Irish Church accused of abuse cover-up
A damning report into child abuse in the Dublin archdiocese has criticised the Catholic Church hierarchy for covering up the abuse.
The report investigated how Church and state authorities handled allegations of child abuse against 46 priests.
It found that the Church placed its own reputation above the protection of children in its care.
It also said that state authorities facilitated the cover-up by allowing the Church to operate outside the law.
Reacting to the report, the current Archbishop of Dublin Diarmuid Martin said "no words of apology would ever be sufficient" and offered "to each and every survivor, my apology, my sorrow and my shame for what happened to them".
He added that the "many good priests of the archdiocese" shared his sense of shame.
The "Report of the Commission of Investigation into the Catholic Archdiocese of Dublin" covered a period from 1975 to 2004.
It has laid bare a culture of concealment where church leaders prioritised the protection of their own institution above that of vulnerable children in their care.
The report said the avoidance of public outrage, which would inevitably follow high-profile prosecutions, appeared more important than preventing abusers from repeating their crimes.
Instead of reporting the allegations to civic authorities, those accused of horrific crimes were systematically shuffled from parish to parish where they could prey on new, unsuspecting victims.
The report stated: "The Dublin archdiocese's pre-occupations in dealing with cases of child sexual abuse, at least until the mid 1990s, were the maintenance of secrecy, the avoidance of scandal, the protection of the reputation of the Church, and the preservation of its assets."
It also said that the archdiocese "did its best to avoid any application of the law of the state".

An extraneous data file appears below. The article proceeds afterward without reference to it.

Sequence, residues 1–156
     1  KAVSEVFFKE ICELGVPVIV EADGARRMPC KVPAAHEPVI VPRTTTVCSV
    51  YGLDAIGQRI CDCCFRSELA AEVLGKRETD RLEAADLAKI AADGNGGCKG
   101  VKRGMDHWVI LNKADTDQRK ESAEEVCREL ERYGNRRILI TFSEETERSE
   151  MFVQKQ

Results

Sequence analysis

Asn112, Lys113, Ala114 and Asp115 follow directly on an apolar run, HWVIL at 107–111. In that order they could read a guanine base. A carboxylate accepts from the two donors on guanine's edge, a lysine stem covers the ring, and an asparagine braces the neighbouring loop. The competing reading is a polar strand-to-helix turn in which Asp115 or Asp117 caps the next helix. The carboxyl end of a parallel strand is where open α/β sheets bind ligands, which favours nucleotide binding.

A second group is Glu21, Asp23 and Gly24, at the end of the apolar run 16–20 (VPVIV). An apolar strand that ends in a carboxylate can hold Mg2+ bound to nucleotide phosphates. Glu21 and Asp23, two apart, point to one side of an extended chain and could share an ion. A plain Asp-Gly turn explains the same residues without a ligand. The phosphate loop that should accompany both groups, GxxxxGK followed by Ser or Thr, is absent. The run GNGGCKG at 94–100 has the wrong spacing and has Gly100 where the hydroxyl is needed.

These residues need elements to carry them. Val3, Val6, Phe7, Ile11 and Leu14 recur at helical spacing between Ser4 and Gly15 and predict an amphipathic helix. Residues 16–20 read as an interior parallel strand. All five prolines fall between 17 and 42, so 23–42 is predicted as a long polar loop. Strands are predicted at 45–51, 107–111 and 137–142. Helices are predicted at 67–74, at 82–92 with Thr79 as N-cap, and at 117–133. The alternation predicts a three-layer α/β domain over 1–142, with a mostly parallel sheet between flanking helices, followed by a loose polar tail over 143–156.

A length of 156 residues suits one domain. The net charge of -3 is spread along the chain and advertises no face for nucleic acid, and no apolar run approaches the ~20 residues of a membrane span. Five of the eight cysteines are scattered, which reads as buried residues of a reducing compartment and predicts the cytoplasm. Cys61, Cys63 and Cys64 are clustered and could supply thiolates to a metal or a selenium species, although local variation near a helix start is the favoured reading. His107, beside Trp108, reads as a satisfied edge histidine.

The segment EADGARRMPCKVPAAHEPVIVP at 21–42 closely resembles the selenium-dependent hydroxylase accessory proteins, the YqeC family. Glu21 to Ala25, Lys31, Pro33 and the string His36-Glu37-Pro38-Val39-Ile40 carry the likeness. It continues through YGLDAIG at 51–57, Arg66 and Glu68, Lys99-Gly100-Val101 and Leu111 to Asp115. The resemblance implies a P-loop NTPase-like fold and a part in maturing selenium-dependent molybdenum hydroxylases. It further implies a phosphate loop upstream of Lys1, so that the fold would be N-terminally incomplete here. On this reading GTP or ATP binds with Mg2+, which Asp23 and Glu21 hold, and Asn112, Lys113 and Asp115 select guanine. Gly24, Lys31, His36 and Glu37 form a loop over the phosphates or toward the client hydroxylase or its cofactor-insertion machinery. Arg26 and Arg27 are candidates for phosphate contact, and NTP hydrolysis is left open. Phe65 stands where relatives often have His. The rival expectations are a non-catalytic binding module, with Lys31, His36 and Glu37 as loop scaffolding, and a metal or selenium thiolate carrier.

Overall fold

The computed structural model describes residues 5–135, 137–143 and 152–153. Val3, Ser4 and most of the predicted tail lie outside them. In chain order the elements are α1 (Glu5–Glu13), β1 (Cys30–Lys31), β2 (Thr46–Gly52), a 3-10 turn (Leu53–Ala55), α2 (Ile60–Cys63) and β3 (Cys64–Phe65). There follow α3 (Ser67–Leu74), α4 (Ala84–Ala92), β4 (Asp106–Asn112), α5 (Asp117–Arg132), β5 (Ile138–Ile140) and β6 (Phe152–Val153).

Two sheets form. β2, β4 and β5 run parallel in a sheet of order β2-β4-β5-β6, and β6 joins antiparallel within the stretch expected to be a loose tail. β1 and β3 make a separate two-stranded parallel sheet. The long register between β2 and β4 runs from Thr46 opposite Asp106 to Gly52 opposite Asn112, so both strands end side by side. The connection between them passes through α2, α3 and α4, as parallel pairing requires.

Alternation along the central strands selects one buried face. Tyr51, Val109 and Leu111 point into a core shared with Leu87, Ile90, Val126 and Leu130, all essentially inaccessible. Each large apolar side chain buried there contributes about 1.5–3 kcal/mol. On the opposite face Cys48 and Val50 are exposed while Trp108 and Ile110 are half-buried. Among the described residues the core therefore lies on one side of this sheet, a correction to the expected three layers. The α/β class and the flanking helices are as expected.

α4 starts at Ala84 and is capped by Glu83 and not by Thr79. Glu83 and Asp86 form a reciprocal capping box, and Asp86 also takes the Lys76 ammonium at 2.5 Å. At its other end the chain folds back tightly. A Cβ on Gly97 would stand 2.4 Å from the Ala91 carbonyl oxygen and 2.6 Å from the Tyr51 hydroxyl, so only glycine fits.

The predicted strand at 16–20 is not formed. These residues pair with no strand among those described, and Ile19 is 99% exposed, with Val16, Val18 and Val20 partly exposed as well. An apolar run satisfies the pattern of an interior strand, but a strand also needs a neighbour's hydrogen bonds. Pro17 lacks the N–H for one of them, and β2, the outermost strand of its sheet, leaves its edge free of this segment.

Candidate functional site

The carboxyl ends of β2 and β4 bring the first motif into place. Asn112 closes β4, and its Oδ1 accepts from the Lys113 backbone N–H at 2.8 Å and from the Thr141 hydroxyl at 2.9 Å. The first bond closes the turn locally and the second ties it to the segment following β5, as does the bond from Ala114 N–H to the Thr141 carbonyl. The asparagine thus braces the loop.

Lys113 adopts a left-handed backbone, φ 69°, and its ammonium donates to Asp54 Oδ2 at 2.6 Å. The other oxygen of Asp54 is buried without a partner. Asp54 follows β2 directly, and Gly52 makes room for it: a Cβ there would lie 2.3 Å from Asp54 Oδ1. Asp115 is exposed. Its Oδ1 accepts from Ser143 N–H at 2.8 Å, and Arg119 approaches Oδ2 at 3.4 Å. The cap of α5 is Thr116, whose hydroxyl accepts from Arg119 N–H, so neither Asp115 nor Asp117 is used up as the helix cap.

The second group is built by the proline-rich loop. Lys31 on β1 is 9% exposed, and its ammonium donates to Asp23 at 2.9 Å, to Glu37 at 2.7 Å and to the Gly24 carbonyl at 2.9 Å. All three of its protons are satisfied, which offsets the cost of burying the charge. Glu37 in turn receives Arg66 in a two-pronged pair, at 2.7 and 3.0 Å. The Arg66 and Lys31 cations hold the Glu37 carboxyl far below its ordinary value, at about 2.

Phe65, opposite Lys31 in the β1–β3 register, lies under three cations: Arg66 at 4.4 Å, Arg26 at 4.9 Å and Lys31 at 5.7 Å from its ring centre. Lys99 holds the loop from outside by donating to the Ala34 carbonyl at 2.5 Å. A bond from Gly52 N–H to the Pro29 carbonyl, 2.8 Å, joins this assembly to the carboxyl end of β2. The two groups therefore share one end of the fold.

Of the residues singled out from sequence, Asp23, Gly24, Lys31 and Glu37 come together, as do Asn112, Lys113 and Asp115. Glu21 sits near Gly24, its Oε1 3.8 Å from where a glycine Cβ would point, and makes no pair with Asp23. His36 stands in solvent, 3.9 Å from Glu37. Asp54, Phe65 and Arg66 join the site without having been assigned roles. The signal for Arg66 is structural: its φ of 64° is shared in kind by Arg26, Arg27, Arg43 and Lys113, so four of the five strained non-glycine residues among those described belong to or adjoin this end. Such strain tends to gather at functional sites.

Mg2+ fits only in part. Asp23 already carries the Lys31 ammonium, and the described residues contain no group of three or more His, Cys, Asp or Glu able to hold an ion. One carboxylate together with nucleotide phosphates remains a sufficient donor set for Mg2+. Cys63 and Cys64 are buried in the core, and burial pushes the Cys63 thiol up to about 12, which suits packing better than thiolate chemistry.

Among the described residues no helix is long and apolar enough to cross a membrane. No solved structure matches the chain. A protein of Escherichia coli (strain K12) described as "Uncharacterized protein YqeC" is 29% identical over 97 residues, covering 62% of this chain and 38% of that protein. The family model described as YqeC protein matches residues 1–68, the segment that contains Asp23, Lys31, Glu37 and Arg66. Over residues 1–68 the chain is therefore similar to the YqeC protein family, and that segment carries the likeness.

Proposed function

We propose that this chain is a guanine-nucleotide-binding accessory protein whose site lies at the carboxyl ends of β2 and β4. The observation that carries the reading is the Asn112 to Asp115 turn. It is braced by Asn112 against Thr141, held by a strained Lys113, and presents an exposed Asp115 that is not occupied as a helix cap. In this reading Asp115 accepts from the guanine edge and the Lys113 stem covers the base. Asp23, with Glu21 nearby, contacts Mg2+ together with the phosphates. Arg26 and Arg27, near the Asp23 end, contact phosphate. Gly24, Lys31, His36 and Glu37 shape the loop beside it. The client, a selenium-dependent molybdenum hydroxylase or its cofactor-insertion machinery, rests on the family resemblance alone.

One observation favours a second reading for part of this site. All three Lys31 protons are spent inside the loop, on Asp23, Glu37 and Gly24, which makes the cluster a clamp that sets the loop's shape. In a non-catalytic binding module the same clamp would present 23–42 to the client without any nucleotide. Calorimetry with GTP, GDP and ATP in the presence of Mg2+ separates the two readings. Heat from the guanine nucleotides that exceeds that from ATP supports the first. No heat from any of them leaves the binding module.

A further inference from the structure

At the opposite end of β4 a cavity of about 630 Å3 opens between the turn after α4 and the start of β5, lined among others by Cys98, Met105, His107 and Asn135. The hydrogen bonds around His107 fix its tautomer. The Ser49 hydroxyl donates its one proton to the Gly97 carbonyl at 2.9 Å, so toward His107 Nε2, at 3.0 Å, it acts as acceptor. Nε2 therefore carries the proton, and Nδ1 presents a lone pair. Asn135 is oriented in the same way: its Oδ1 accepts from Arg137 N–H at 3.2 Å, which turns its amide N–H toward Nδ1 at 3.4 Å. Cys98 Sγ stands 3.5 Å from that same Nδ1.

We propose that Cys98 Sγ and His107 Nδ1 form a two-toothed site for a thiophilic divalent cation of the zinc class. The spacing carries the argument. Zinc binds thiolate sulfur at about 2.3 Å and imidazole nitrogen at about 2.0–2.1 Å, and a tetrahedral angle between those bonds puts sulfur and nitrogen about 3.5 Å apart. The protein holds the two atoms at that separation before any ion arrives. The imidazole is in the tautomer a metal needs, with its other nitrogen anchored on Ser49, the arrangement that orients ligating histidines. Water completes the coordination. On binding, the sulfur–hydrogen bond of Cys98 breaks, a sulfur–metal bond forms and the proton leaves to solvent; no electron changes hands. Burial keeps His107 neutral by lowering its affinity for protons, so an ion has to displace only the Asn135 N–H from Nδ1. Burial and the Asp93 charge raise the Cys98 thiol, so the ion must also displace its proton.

It found that four archbishops - John Charles McQuaid who died in 1973, Dermot Ryan who died in 1984, Kevin McNamara who died in 1987, and retired Cardinal Desmond Connell - did not hand over information on abusers.
The report said that authorities in the Dublin archdiocese who were dealing with complaints of child sexual abuse "were all very well educated people".
It added that, considering many of them had qualifications in canon law, and in some cases civil law, their claims of ignorance were "very difficult to accept".
Above the law
Civic authorities in Ireland, especially the police, were also criticised for their cosy relationship with the Church.
The report states that senior members of the force regarded priests as being outside their remit and it claims some police officers reported abuse complaints to Church authorities instead of carrying out their own investigation.
The commissioner of the Irish police, Fachtna Murphy, said it made for "difficult and disturbing reading, detailing as it does many instances of sexual abuse and failure on the part of both Church and State authorities to protect victims".
He added: "The commission has found that in some cases, because of acts or omissions, individuals who sought assistance did not always receive the level of response or protection which any citizen in trouble is entitled to expect from An Garda Síochána (the Irish police).
He said he was "deeply sorry" for the failures.
The Irish Minister for Justice, Dermot Ahern, whose department commissioned the report, called it a "scandal on an astonishing scale" where the "welfare of children counted for nothing".
He vowed to bring those who had carried out the abuse to justice, regardless of the amount of time which had passed.
The Commission's work concentrated on a "representative sample" of complaints made by 320 children against 46 priests, 11 of whom were convicted of sexual assaults on children.
The number of complaints of abuse made by boys was more than double those submitted by girls.
The Commission said it was satisfied that "effective structures and procedures currently in operation" and that all complaints of clerical child sexual abuse are now reported to police.
Thursday's report comes six months after the publication of the Ryan report in May, which took submissions from 2,000 people who said they had suffered physical and sexual abuse while in the care of Catholic-run institutions.
The Ryan report, also known as the report of the Commission to Inquire into Child Abuse, found church leaders knew that sexual abuse was "endemic" in boys' institutions.